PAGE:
There is a song that pans the history of the club and is sung after every victory by the players of South Sydney. It has been passed down by generation to generation but the words when it was first penned echo true to this day. It is sung loud and fast. Here are the words of that famous song as it is sung today -
Players remind us that the song has been around a long time. It would be sung on the team bus, at the old end of season South Sydney annual balls. Not just after the game. Today the song is sung loud and fast. But that wasn't always the case. Here are the lyrics when it was sung back in the 1970s.
Here John Sattler sings the song to its original tune.
The song had evolved over the years and had a number of verses.
But what is the history of the players song ?
Talking to former players, you quickly find out that it pre-dates the modern era and goes before the 70's era as players from the 1950's would sing it with the young players of the 60's. The tune and original words pre-date World War II.
1933-41 first grade player Les McDonald, in 1994, said that it was adapted by Bill Hinson (brother of 1930's player Eddie Hinson) after hearing the song sung by the Curl Curl Lifesavers at a weekend camp at Patonga in the 1930s.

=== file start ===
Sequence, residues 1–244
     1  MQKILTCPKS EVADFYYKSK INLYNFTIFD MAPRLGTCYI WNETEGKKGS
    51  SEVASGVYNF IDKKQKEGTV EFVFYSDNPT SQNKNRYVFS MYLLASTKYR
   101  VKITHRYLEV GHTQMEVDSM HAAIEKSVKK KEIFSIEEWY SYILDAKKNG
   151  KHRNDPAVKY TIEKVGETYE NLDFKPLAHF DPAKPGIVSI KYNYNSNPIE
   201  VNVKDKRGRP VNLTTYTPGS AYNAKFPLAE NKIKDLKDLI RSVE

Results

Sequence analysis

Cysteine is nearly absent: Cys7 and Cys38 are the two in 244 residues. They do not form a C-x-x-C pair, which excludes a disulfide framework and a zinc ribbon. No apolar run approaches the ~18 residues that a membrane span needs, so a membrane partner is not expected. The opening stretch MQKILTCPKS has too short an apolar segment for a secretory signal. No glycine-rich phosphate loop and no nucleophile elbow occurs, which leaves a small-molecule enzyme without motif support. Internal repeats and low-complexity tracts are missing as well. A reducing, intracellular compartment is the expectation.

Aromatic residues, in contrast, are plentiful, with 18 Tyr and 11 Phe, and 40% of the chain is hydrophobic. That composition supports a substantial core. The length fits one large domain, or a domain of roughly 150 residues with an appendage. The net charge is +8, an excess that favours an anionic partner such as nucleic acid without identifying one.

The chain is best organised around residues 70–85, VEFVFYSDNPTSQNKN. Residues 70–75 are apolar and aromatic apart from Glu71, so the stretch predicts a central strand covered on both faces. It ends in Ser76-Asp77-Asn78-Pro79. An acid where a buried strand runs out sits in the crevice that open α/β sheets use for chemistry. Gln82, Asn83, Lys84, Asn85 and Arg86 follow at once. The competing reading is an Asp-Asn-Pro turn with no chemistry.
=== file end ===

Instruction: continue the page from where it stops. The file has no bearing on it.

The tune gives us a guide to the age of the origins of the song as it pre-dates World War I. The melody was a popular melody in British pubs at the turn of 18th-century. It was based upon a tune from Anacreonicty Society, a 18th-century club of amateur musicians in London. That society was dedicated to ancient Greek poet Anacreon, who was renowned for his drinking songs and odes to love. This society would meet and combine musical appreciation with eating and drinking.
The melody came to Australia with the early settlers and convicts and sung on many occassions at the bars around Sydney. With the famous drinking melody being picked up by many it was no surprise to see the South Sydney club also pick up this melody for its song during the celebration of a win.
The melody became famous when the tune was also picked up and used by Francis Scott Key in his famous 1776 poem "Defence of Fort McHenry". It is then ironic that a British pub melody and the words by Key became known as the "The Star-Spangled Banner" and were adopted as the national anthem of the United States in 1931.
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